Writers of long, complex sentences often lose track of the subject, which can result in a mismatched verb. Sometimes
it happens because the two or more items that make up the subject seem to function as one unit, and thus the writer
thinks it's a singular subject. Sometimes it happens because the subject seems to be some other word in the sentence.
Consider the following, which are all incorrect (my explanation in bold follows most sentences):
The history of the National Intramural Recreation Association and its importance to the development of professionals and programming is discussed. (Two things, history and importance, are discussed. It needs a plural verb.)
The length, frequency, and duration of the activity refers to the length of time of an individual class meeting, the number of times per week the class meets, the number of weeks the class meets, and how often the class is held per semester or quarter. (The subject is length, frequency, and duration. The verb should be refer.)
The availability of playing space and equipment are major factors that determine when and whether an extramural event will occur. (Here the subject is availability, not playing space and equipment. Therefore, it needs a singular verb, is, and a revision to the object: the major factor that determines.)
Dividing wet areas (showers, steam rooms), toilet areas, and dry areas (dressing, locker storage) make facilities comfortable for users and easy to maintain. (Here the subject is the gerund dividing, which is singular. The subject is not wet areas, toilet areas, dry areas.)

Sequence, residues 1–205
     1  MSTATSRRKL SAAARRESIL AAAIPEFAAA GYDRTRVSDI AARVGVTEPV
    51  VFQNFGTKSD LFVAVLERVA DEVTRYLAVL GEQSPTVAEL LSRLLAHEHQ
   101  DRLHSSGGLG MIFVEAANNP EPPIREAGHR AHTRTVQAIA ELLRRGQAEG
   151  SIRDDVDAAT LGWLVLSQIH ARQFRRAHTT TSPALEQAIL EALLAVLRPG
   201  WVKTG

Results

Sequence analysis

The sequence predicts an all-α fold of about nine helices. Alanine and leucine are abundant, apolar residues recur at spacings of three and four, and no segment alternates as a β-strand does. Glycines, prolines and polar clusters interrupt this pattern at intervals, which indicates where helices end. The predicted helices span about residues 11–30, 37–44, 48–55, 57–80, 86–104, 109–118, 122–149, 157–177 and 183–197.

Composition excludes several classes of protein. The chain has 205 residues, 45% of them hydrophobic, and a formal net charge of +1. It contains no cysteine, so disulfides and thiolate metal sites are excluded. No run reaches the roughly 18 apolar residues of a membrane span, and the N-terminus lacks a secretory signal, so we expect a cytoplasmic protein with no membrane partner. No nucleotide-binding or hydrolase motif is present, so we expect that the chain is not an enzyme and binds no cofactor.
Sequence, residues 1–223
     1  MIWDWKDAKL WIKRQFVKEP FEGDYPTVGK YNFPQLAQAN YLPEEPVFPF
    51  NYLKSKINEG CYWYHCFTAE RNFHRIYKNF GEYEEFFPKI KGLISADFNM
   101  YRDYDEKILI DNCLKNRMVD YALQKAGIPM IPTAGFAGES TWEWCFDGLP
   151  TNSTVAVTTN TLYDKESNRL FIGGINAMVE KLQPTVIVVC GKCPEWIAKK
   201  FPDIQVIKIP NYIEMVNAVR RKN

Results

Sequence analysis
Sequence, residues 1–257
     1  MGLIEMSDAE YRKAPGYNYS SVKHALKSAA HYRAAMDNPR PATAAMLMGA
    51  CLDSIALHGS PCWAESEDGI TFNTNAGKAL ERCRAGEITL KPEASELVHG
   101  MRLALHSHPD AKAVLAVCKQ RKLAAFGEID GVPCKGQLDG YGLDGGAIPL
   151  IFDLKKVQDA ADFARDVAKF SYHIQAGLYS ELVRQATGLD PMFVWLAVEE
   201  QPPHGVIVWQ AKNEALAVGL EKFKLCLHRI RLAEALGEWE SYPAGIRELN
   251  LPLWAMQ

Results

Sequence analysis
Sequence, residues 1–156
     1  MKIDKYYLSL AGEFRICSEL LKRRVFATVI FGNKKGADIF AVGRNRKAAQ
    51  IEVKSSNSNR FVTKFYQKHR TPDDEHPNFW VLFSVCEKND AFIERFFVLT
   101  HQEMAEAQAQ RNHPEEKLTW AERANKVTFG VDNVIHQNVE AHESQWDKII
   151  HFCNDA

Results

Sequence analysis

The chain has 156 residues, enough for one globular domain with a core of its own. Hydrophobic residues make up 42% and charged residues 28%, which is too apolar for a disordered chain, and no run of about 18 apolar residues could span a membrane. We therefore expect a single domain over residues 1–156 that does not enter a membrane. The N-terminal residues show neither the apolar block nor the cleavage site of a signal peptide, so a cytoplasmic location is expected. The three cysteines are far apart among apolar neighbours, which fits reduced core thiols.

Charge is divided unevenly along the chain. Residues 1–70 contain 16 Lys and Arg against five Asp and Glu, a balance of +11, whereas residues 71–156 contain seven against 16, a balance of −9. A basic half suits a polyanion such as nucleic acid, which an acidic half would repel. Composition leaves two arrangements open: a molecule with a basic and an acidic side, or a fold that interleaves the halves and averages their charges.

Target audience data is important to the sponsor. (The word data is always plural. The singular form of the word is datum.)
The media are biased. (See Bill Walsh's article "Call me a heretic, but 'media' isn't always plural" at www.theslot.com/media.html.) Here's an excerpt of Walsh's argument, which I agree with:
"Media" as a plural means "more than one medium." Fine. If you're using the word as a plural, make it plural. But that's not usually the way it's used nowadays. It's used as a synonym for "press," as a collective noun meaning "the representatives of each medium."
Commitments should be solicited while excitement and enthusiasm is still fresh in the sponsor's mind. (One could argue that excitement and enthusiasm count as one unit, but they don't. The subject is plural. It needs a plural verb.)
Analysis leads to planning, execution, and control, which ultimately leads to further analysis. (Analysis does not lead to analysis; planning, execution, and control lead to further analysis.)